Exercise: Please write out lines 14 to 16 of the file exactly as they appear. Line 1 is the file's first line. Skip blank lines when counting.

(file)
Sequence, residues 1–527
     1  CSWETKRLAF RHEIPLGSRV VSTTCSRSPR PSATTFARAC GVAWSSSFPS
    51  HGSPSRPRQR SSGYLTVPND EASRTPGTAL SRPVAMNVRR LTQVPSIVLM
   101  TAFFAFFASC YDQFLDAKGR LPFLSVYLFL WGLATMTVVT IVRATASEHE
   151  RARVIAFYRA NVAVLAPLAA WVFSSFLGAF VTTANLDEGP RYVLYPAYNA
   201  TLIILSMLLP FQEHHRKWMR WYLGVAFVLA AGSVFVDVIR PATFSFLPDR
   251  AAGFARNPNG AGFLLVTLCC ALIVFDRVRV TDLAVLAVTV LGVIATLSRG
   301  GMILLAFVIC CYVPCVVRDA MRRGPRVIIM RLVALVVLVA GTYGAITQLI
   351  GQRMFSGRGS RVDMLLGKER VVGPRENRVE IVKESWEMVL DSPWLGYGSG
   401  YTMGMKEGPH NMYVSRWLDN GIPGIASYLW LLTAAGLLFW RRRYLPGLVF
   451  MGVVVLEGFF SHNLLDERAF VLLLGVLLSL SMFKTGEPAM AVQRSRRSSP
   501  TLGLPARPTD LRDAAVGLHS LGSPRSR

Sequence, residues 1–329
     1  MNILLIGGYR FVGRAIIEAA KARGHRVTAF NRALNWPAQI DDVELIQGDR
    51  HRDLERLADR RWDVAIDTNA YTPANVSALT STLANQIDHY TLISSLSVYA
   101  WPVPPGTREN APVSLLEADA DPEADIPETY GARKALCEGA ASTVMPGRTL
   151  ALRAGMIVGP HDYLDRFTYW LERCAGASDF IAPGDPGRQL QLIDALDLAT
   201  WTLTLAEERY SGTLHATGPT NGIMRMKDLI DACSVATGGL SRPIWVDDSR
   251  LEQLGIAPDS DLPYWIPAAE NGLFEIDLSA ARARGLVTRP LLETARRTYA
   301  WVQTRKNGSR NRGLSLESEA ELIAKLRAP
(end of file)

     1  MNILLIGGYR FVGRAIIEAA KARGHRVTAF NRALNWPAQI DDVELIQGDR
    51  HRDLERLADR RWDVAIDTNA YTPANVSALT STLANQIDHY TLISSLSVYA
   101  WPVPPGTREN APVSLLEADA DPEADIPETY GARKALCEGA ASTVMPGRTL